- Try going for a drive in the car. Make sure your baby is in a child restraint approved by the Australian Standard.
- Sucking can help calm your baby and reduce the crying. Let the baby suck on its fist, fingers or thumb. Try giving a dummy. One trick is to place the dummy just on the baby's lips - the lips will automatically latch on to the dummy. However, if your baby is breast-fed try to avoid giving a dummy during the first 2-4 weeks as it may affect your baby's suck and may interfere with your milk supply.
- If breast feeding, try offering the breast. If formula feeding, try giving a drink of cool boiled water. Sometimes it might help to give the next feed a little earlier but try not to give formula more often than every three hours as this may encourage snacking or the baby using the bottle as a dummy.
A Soothing bath
Some babies will relax and enjoy a bath but others will tense up and not like it. A bath may help your baby calm down. Try it. Make sure to run the cold water first, then add the hot water and check it isn't too hot before putting the baby in the water. Never leave your baby alone in the bath.
Rub the baby's tummy gently and firmly in a circular clockwise motion. You will find more information about baby massage in most baby books.
Try distracting your baby with a favourite toy. This will not work if the baby is very upset or overtired and may even make things worse. Don't keep trying if it's not working.
What to do when nothing seems to be working
- You may feel helpless when your baby keeps on crying. Just think - it's not always easy for you to calm down if you're very upset. It is the same for the baby. Try to remember that you can't always stop the crying but you can still comfort the baby.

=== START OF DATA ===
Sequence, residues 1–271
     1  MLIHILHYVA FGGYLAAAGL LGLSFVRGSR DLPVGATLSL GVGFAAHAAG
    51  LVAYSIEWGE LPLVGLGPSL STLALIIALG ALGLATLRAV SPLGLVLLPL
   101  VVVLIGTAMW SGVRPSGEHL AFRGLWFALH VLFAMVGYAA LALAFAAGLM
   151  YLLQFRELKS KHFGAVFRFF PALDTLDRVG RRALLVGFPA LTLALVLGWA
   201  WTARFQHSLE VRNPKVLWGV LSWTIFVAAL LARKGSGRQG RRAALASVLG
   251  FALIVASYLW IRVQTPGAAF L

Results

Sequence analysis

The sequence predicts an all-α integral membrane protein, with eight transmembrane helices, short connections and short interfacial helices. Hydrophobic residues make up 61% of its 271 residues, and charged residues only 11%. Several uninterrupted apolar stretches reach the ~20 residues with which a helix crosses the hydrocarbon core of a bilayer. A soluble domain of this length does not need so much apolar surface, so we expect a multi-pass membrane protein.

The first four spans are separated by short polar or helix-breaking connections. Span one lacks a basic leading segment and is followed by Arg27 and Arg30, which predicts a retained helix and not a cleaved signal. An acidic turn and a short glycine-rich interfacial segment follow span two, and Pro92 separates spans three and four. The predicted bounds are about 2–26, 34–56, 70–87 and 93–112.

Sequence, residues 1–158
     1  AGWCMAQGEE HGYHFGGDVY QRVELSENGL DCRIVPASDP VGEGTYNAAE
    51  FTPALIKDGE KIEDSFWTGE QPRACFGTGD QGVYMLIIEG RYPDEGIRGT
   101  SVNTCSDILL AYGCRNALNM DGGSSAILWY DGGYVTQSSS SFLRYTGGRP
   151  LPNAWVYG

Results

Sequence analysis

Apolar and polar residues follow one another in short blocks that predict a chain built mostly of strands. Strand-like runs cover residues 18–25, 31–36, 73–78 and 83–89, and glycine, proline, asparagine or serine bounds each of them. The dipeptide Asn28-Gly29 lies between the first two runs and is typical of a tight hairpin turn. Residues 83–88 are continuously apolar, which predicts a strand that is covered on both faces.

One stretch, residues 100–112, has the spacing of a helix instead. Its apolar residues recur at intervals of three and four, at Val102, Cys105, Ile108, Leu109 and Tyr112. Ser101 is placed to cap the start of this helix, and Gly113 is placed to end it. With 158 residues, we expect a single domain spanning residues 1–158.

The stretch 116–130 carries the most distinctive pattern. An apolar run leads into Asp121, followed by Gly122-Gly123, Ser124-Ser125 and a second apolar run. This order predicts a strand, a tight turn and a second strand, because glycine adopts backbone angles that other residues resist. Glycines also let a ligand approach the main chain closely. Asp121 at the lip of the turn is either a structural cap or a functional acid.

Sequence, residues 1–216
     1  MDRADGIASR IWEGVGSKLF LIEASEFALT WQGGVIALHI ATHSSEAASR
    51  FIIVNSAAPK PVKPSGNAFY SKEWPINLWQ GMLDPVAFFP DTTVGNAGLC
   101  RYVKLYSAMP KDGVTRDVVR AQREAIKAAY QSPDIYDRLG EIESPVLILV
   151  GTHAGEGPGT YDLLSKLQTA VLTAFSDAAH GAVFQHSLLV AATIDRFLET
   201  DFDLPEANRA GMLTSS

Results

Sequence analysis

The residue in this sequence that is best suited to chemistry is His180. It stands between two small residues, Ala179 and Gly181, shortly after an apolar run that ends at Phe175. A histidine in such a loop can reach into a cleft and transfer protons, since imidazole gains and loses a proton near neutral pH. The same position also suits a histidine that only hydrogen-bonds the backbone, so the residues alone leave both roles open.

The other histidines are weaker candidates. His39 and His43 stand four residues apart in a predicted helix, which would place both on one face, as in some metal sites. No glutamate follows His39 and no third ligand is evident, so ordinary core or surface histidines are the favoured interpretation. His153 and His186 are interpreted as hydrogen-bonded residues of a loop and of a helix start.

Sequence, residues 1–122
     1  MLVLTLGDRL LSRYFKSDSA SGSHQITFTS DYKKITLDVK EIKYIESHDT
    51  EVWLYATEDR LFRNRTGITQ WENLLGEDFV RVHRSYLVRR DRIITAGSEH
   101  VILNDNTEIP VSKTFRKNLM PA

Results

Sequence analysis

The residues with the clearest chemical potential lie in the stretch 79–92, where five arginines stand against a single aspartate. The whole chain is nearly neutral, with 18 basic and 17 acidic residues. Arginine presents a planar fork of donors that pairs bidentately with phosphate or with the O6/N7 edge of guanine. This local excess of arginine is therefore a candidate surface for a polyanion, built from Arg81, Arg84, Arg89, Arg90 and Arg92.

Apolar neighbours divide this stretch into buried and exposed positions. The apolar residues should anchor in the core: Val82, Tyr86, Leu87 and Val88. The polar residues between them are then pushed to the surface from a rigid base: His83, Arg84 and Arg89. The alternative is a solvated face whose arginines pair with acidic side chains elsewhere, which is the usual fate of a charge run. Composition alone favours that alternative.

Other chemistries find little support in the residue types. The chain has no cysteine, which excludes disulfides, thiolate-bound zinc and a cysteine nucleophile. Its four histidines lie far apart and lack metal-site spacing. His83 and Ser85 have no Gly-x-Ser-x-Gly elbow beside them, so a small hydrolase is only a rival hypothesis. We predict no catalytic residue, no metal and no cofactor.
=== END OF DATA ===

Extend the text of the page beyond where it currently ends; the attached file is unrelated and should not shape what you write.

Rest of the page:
- Tune in to your baby's cry. Don't let the distress become too great before you decide to comfort the baby. Try not to rush to the baby, though. Take a few deep breaths first if it helps you to slow down.
- If your baby continues to cry and you are starting to feel desperate, put the baby down in a safe place and walk into another room for a short break or if available ask somebody to take over the settling for a while. Remember you are doing the best you can. When you go back, you may find the baby is easier to calm.
- At times you may feel you are failing at being a parent. Most parents feel like this at one time or another. It may be difficult to ask for help, but it's easier if someone can help out. Try it. Things will improve but you have to survive in the meantime! Be kind to yourself.
You will probably get a lot of advice. It can be very confusing listening to it all and you may wonder what to do. The best advice to take is usually what feels right to you. You may decide that the best thing to do is to pick up and cuddle the baby. Be prepared for well-meaning people to tell you that you are giving in and that the baby has got its own way. Be reassured. Your baby is far too young to think like that.
If your baby is crying a lot, friends or relatives may suggest you change your baby's feed formula or use medications or herbal preparations. You might like to talk to your Doctor or Early Childhood Nurse about this. If the sound of the baby's crying changes or you think your baby is sick, or might have a physical problem, see your Doctor or go to your local hospital.
If you are finding it difficult to cope, try contacting your Early Childhood Nurse or call the Tresillian Telephone Help Line (1800 637 357) or the Karitane Telephone Help Line (1800 677 961) for help and advice.
- Play safe. Pick up and comfort your baby
|The Children's Hospital at Westmead
Tel: (02) 9845 3585
Fax: (02) 9845 3562
|Sydney Children's Hospital, Randwick
Tel: (02) 9382 1688
Fax: (02) 9382 1451
|Kaleidoscope, Hunter Children's Health Network
Tel: (02) 4921 3670
Fax: (02) 4921 3599
& Kaleidoscope, Hunter Children's Health Network - 2005-2009.